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Student Affairs vice provost outlines goals for 1994-95
STANFORD -- Completing a strategic plan, addressing the needs of binge drinkers among the student population, and responding to recommendations of the Commission on Undergraduate Education were among the goals listed by Vice Provost and Dean Mary Edmonds in her third annual "State of Student Affairs" address Tuesday, Oct. 11.
Provost Condoleezza Rice opened the gathering of several hundred Student Affairs staff in Kresge Auditorium by thanking them for their service and noting that Student Affairs was contributing about $1 million to $6 million in university-wide operating budget cuts this year.
Because "you took the bitter pill up front," she said, referring to her three-year budget reduction plan, budget cuts are "probably behind Student Affairs."
In her address, Edmonds said, "It is now time to bounce back, to move beyond to consolidation of the new organization," she said, and "to continue the healing process in areas where staff were laid off."
Edmonds listed the following accomplishments of the past year:
The unit's strategic planning process will continue this year with senior Student Affairs management soliciting input from staff, faculty and students, she said. Any plan that emerges must have the "flexibility to change as situations change."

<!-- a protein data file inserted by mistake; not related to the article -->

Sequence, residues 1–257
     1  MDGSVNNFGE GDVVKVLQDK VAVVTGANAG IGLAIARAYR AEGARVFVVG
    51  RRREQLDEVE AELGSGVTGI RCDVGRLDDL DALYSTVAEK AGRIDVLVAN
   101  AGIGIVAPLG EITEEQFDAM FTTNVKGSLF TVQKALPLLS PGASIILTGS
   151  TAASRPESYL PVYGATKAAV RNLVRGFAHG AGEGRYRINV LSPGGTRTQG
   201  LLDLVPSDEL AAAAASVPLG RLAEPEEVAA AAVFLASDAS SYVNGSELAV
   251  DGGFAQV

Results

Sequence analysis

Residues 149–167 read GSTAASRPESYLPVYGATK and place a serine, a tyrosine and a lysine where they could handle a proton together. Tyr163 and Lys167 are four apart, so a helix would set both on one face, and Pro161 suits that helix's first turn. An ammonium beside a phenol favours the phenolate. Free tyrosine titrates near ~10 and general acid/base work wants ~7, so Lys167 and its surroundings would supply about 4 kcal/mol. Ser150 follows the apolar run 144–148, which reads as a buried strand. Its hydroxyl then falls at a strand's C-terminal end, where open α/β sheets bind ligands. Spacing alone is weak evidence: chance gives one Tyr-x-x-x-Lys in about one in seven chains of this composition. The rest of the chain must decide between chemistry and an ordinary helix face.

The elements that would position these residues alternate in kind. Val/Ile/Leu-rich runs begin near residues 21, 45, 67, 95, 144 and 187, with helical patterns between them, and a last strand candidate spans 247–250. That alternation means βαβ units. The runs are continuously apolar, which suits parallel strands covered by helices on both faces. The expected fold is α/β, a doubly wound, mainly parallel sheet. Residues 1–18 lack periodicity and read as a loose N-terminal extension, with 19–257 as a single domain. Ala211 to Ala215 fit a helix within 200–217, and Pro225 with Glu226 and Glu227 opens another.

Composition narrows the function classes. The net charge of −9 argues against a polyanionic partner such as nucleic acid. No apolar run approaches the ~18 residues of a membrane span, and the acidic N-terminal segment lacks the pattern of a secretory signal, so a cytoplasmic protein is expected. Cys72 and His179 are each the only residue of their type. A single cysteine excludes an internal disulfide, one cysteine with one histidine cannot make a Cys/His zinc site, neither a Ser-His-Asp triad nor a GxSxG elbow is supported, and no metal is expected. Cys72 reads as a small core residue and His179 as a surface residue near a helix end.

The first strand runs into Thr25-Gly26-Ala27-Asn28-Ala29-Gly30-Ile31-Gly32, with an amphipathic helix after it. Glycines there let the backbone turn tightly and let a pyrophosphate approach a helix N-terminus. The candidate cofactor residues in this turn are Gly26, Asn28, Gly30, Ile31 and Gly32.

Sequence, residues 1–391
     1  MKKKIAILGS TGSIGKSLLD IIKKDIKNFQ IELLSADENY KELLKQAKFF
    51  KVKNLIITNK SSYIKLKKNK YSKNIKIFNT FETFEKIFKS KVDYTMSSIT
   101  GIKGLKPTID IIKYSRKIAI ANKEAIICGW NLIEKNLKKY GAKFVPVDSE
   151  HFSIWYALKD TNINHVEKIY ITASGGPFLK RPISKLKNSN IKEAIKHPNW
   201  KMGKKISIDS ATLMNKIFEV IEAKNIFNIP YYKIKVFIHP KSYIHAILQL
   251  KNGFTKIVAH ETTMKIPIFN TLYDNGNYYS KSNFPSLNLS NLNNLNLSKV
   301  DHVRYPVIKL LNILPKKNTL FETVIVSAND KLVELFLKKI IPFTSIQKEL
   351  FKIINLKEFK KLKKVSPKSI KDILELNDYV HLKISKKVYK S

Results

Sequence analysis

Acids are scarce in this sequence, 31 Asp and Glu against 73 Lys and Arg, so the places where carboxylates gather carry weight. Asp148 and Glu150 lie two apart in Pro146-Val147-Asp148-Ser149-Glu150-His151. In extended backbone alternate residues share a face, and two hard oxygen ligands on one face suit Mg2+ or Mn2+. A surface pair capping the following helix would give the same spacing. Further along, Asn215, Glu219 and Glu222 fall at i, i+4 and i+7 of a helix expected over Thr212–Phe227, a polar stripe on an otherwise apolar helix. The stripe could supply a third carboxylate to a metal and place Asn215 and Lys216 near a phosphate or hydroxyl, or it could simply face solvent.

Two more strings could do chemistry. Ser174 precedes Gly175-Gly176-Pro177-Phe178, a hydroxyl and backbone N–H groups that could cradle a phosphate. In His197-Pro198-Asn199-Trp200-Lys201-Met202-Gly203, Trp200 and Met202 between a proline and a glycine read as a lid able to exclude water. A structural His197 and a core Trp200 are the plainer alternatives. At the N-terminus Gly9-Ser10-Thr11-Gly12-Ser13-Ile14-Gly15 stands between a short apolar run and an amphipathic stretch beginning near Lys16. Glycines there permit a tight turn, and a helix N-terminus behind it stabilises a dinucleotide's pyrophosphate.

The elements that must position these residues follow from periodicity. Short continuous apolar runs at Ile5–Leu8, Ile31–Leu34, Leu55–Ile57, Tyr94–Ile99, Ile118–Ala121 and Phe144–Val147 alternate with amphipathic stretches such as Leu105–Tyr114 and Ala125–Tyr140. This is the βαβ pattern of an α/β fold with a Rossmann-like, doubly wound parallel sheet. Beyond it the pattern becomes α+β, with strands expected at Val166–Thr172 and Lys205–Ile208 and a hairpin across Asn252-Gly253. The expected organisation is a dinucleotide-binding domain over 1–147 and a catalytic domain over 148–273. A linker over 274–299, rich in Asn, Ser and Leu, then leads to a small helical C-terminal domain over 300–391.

The division will work "in a collegial mode with the decisions that emanate from the Commission on Undergraduate Education," whose written recommendations are in the process of being distributed on campus.
Edmonds devoted a portion of her talk to her concerns about alcohol abuse as a "rite of passage" on America's college campuses. She cited a national study by the Center on Addiction and Substance Abuse at Columbia University and said that Stanford's own data on student drinking "are not all that different."
The national survey, Edmonds said, found that 42 percent of U.S. college students report drinking five or more drinks at a time within the past two weeks, compared with 33 percent of their non-college counterparts. One-third of women students in 1993 reported "drinking to get drunk," she said, compared with 10 percent in 1977.
"This year we are going to turn our attention to the binge drinkers in order to assist them in dealing with their problems," she said. Student Affairs staff also will work to develop "a critical mass of those students who choose not to drink so that they may also feel comfortable on campus," she added.
"On a typical campus, per capita student spending for alcohol - $446 per student - far exceeds the per capita budget of the college library."
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